Protest over new conduct code for ministers

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The Independent Online
PATRICIA WYNN DAVIES

Political Correspondent

Ministers could be delayed for up two years from taking up outside appointments on leaving office under the Government's response to Nolan committee recommendations yesterday.

But Labour and Liberal Democrat MPs reacted angrily to a proposed new ministerial code of conduct which they said would give a free hand to cover up sensitive issues.

The protests came as Roger Freeman, the public service minister, announced the Government's acceptance of the broad thrust of the Nolan recommendations. The Government will advertise for a new Commissioner for Public Appointments to help oversee the staffing of quangos, he told MPs, while the Civil Service code would be re-drawn, including limited protection for "whistle- blowers", for the first time.

Mr Freeman insisted that the response would "show the House, and the country as a whole, our determination to take practical steps which will uphold and sustain the highest standards of propriety, while ensuring that men and women of talent and experience continue to enrich our public life".

Promising an extension of the use of advisory panels, including an independent element, to advise on appointments to executive public bodies and the National Health Service, he said: "All departments will introduce their own arrangements as soon as practical to allow the new commissioner to influence the procedures introduced."

Lord Nolan, chairman of the committee on standards in public life, said he was delighted with the speed at which the Government had tackled the problems highlighted by his report.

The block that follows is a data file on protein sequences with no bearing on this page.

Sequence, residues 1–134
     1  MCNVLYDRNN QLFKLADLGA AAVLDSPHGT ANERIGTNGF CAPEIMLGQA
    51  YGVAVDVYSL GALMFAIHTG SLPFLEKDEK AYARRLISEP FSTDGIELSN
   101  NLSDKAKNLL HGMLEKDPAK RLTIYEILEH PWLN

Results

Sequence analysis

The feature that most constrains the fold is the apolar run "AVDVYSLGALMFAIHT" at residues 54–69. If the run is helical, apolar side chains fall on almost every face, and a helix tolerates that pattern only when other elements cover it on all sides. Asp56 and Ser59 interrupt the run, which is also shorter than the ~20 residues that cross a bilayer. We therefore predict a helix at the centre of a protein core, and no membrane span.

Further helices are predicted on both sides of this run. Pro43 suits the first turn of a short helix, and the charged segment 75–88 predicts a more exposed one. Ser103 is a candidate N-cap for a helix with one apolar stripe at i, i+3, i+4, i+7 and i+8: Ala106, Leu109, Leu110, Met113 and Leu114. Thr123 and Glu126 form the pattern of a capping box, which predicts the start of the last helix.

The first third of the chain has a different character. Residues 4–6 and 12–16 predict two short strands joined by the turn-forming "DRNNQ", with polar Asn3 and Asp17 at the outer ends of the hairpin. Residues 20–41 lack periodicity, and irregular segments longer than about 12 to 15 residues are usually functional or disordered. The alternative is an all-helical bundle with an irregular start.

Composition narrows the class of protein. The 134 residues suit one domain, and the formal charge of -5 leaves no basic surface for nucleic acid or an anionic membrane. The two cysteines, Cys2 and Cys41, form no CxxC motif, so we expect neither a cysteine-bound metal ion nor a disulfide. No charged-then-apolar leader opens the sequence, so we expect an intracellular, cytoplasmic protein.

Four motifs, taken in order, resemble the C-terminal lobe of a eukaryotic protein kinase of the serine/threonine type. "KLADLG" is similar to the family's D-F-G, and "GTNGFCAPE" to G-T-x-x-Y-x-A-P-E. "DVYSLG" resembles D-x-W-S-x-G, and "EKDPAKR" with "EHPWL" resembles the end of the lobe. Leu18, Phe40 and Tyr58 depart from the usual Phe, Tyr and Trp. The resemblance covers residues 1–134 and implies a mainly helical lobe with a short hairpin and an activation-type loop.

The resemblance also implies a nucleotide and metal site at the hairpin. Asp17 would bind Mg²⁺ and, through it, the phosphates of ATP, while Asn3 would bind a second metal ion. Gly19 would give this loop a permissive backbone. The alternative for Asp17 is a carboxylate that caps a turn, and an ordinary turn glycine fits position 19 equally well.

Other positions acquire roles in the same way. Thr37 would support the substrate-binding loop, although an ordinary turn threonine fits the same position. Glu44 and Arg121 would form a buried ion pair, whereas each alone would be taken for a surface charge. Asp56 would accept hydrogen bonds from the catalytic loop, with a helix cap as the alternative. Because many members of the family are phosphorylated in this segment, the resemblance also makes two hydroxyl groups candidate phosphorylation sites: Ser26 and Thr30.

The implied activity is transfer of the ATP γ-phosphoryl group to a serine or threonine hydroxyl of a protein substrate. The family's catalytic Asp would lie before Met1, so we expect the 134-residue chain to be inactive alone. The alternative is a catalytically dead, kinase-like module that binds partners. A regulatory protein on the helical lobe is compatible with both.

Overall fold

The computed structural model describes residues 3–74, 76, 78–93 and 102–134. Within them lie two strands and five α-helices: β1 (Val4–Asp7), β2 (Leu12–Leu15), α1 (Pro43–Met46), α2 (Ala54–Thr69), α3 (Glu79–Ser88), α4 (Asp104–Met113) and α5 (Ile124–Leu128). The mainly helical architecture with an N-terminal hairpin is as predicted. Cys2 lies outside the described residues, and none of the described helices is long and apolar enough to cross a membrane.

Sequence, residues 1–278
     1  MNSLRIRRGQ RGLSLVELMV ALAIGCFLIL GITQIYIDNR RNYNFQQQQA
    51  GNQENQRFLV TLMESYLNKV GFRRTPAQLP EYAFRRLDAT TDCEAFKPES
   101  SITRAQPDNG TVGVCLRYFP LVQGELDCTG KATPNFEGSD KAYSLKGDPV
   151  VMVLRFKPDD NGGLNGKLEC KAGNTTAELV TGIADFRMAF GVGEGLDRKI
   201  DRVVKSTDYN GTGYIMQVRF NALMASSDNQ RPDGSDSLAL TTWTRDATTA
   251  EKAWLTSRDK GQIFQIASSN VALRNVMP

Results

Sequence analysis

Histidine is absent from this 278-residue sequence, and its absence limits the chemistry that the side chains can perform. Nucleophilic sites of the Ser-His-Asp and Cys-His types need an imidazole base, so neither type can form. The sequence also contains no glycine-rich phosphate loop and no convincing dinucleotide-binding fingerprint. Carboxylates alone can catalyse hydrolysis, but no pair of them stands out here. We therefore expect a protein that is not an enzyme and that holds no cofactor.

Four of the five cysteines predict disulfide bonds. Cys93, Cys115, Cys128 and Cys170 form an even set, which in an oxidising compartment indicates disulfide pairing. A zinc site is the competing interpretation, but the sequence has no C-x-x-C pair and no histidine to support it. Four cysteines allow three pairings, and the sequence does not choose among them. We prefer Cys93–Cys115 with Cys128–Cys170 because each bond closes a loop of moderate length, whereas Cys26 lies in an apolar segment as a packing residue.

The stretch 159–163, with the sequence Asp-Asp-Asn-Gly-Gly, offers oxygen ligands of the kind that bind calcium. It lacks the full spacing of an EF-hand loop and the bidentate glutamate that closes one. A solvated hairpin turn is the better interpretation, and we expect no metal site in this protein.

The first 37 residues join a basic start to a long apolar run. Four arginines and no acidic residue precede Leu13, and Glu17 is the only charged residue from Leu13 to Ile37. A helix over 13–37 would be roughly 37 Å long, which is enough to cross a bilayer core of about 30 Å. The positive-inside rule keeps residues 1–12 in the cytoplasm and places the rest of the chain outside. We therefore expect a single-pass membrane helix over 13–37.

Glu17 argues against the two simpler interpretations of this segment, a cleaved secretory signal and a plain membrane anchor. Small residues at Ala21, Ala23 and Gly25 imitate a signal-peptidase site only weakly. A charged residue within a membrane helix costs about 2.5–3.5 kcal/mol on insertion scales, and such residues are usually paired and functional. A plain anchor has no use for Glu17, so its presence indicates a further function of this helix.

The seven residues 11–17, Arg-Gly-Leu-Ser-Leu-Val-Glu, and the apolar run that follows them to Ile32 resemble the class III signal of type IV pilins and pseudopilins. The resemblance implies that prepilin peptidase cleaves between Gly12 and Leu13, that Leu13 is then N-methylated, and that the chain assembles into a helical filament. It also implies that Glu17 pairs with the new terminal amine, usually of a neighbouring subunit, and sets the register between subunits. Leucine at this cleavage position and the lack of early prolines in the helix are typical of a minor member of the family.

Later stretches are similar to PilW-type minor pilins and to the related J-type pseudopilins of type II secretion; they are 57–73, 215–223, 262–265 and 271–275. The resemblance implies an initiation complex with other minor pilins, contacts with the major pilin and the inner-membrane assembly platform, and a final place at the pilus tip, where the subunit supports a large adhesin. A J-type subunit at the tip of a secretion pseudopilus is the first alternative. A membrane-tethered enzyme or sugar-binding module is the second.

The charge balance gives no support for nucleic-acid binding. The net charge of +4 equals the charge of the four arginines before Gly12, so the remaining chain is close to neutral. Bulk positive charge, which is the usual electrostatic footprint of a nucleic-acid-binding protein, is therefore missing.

Speaking on his first appearance as Chancellor of the Duchy of Lancaster, Mr Freeman said the Government accepted the committee's recommendation that ministers should be brought within the scope of the Advisory Committee on Business Appointments, which scrutinises appointments taken up by former civil servants. Ministers would also consult on an extension of business appointment rules to ministers' special advisers.

MPs have not, however, yet had the opportunity of examining planned rules setting out specific criteria on the circumstances in which ministers should be advised to delay an appointment, or make its acceptance subject to conditions. These will be drawn up for debate in the autumn spillover session after the summer recess.

In the meantime, Labour and the Liberal Democrats were swift to spotlight a phrase in the proposed code for ministers, which directs that they must not "knowingly" mislead Parliament.

Ann Taylor, shadow leader of the House, said the phrase would cause concern "when we all know that sometimes ministers choose not to know."

MPs attacked another phrase sanctioning ministers "withholding information only when disclosure would not be in the public interest".

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